Sunday, August 19, 2012

Tony Scott - Acclaimed British Filmmaker

It is a tragedy that Tony Scott, the younger brother of another acclaimed British filmmaker Ridley Scott has passed on.

Read all about Tony Scott from Wikipedia.

Anthony Scott (June 21, 1944 - August 19, 2012) was a British film director best known for the films Top Gun, Beverly Hills Cop 2, Crimson Tide, Enemy Of The State, Spy Game, Man On Fire, The Taking Of Pelham 123 and Unstoppable.

He was the younger brother of fellow film director Ridley Scott.

Scott was born in North Shields, the son of Colonel Francis Scott.

His first foray into filmmaking was not from behind the camera, but in front of it.

At 16, Tony appeared in Boy And Bicycle, a short film marking the directorial debut of his then 23-year-old brother Ridley.

He followed in his brother's footsteps, studying at Grangefield School, West Hartlepool College Of Art and Sunderland Art School, the last for a fine arts degree.

He subsequently graduated from the Royal College Of Art.

It was only the success of his elder brother's fledging television commercial production outfit, Ridley Scott Associates (RSA), that turned his attentions towards film.

In the course of the next two decades, Scott directed thousands of television commercials for RSA, while also overseeing the company's operation during periods in which his brother was developing his feature film career.

Tony also took time out in 1975 to direct an adaptation of the Henry James story The Author Of Beltraffio for French television, a project he landed by virtue of winning a coin-flip against his brother.

After the considerable feature film successes of fellow British commercial directors Hugh Hudson, Alan Parker, Adrian Lyne and his elder brother in the late 1970s and early 1980s, Scott began to receive overtures from Hollywood himself in 1980.

Among the projects interesting him was an adaptation of the Anne Rice novel Interview With The Vampire then in development.

In 1982, Scott began production on The Hunger.

The Hunger starred David Bowie and Catherine Deneuve as chic Manhattan socialite vampires, desperately searching for a medical cure to arrest Bowie's rapid aging.

Willem Dafoe was introduced on film via a small, walk-on part in the film.

The Hunger had elaborate photography and sumptuous production design, unlike many pictures at the time of its release in 1983.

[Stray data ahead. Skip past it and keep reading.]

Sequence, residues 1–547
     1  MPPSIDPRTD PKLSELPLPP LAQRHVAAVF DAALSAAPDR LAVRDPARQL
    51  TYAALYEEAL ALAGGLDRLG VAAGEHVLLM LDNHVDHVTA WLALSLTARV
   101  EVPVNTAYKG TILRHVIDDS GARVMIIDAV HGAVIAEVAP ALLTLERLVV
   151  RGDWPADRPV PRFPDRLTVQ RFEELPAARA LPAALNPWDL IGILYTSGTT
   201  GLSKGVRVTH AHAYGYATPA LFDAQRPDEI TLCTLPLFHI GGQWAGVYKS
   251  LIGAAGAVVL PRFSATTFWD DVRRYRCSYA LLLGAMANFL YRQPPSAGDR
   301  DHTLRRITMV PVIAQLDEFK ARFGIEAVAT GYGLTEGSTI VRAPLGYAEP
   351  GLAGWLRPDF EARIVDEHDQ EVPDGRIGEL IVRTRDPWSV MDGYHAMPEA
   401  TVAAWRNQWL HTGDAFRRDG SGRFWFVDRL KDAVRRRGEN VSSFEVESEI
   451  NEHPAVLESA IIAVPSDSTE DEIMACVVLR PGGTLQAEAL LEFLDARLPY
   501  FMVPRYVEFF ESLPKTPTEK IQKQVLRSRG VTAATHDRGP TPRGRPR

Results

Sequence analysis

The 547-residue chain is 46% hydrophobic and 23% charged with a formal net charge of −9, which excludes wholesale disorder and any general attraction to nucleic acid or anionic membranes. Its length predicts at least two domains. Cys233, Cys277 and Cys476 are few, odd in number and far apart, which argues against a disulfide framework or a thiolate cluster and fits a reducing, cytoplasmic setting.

The picture failed to find an audience, received harsh reviews by critics and was ignored at the box office (though it later became a cult favourite).

Finding himself largely unemployable in Hollywood for the next two and a half years, Scott returned to commercials and music videos.

In 1985, producers Don Simpson and Jerry Bruckheimer signed Scott to direct Top Gun.

Both of them were among the few admirers of The Hunger during its initial release.

Simpson and Bruckheimer had settled upon choosing Scott largely on the basis of a commercial he had done for Swedish automaker Saab in the early 1980s - in the spot, a Saab 900 turbo is shown racing a Saab 37 Viggen fighter jet.

Scott, though reluctant at first, agreed on directing Top Gun, one of the highest-grossing films of 1986, taking in more than US$176 million, and making a star of its young lead, Tom Cruise.

Following Top Gun's success, Scott found himself on Hollywood's A list of action directors.

He reteamed with Simpson and Bruckheimer in 1987 to direct Eddie Murphy and Brigitte Nielsen in the highly anticipated sequel Beverly Hills Cop 2.

Once again directing Tom Cruise, Scott returned to the Simpson-Bruckheimer fold to helm the big-budget film Days of Thunder in 1990.

Scott teamed up with Denzel Washington on The Taking Of Pelham 123, which also starred John Travolta in 2009.

The film was a remake of the 1974 film of the same title starring Walter Matthau and Robert Shaw.

In 2010, the Scott brothers produced the feature film adaptation of the television series The A-Team.

He also directed Unstoppable with Washington and Chris Pine.